American Indian Head Start supports a rich, diverse and unique Indian language, heritage and legacy. Programs are encouraged to integrate language and culture into their curriculum and program goals. There are more than 84 different Indian languages spoken in Head Start.
The Office of Head Start announced on Sept. 1, 2016 that its latest final rule revision makes a number of changes to American Indian and Alaskan Native programs. These were made based on public comments during the rulemaking process, the “unique and important sovereign relations with tribal governments,” and through ongoing tribal consultations. OHS added a new provision that for the first time makes it explicit that programs serving American Indian and Alaska Native children may integrate efforts to preserve, revitalize, restore, or maintain tribal language into their education services. The feds also clarified that, due to tribal sovereignty, American Indian and Alaska Native programs only need to consider whether or not they will participate in early childhood systems and activities in the state in which they operate.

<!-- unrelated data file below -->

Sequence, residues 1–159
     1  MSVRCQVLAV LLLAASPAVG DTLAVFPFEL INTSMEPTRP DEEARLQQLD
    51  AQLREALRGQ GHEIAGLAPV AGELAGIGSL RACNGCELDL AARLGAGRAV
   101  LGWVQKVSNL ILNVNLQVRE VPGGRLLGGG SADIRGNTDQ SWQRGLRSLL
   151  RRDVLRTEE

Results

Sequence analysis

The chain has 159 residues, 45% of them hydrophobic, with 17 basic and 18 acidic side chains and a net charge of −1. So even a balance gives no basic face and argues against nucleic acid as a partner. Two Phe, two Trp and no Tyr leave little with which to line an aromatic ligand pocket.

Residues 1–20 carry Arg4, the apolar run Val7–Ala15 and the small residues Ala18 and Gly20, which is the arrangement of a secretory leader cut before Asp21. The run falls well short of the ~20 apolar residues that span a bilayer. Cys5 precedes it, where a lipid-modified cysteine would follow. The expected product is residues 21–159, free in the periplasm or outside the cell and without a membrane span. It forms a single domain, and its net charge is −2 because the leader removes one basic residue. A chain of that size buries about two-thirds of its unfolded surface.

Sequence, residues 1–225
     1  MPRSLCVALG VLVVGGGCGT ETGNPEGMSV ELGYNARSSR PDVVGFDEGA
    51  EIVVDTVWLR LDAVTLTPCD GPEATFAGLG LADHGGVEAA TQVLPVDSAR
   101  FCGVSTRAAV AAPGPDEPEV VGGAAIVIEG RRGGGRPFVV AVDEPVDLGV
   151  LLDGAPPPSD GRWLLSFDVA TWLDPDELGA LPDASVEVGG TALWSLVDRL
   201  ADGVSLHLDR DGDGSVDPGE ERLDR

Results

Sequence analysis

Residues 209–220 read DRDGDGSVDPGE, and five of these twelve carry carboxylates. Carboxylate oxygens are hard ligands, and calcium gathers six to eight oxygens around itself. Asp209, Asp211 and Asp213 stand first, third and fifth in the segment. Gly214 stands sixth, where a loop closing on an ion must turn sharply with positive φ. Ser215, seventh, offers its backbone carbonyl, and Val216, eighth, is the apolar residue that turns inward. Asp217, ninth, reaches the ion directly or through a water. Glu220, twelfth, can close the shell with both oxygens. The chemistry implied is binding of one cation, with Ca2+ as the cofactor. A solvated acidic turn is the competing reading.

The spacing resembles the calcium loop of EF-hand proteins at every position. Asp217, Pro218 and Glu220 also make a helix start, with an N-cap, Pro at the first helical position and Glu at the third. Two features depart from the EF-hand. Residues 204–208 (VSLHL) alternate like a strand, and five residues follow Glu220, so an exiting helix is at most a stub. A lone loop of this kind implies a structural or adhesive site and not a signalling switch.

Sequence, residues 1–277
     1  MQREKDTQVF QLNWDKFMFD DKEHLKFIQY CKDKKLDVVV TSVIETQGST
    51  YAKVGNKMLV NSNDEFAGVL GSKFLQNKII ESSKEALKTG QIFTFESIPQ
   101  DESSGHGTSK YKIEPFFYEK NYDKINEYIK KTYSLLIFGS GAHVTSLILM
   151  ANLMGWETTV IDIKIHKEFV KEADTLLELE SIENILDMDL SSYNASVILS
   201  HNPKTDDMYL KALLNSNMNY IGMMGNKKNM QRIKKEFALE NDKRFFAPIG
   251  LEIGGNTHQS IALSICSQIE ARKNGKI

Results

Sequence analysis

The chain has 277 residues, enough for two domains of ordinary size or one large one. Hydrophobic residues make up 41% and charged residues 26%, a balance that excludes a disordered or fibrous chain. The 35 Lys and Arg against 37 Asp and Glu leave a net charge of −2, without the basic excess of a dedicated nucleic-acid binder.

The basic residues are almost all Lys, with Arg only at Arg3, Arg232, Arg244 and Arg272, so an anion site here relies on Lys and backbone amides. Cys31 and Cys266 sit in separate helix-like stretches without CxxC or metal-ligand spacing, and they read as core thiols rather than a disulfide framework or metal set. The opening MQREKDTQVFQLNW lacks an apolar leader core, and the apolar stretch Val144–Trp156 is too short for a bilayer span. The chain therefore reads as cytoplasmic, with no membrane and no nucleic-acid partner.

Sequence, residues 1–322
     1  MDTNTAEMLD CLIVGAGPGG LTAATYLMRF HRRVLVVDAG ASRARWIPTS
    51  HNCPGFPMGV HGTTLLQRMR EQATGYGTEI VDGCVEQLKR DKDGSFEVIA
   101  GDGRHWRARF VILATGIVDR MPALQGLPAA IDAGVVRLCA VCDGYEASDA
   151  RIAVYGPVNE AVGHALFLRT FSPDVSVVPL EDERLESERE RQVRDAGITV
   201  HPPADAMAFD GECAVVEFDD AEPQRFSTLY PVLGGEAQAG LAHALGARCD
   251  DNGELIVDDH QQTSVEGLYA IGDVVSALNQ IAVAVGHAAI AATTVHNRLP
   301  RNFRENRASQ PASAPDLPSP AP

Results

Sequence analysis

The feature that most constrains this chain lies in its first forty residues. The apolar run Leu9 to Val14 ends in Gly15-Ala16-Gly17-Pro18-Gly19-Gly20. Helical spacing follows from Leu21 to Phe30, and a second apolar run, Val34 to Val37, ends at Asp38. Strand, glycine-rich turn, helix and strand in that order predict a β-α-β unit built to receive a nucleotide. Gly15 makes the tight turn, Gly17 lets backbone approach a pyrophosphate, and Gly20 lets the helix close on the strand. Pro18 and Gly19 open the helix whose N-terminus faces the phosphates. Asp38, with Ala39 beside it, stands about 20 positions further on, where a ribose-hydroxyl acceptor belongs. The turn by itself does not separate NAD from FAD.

According to data as of May 1997, the American Indian Head Start Programs network has 131 funded grantees. These grantees are located in 25 states and represent the following tribes, villages and towns: 112 federally recognized Tribes who directly operate programs; 3 Inter-Tribal consortia representing 26 reservations, 12 colonies and 14 rancherias; 8 Native Alaskan Regional Corporations serving 35 villages and cities.
Some 83 percent of Indian Head Start programs are center-based services, and 17 percent feature both center-based and home-based options. The Indian network has 487 centers and 919 classrooms.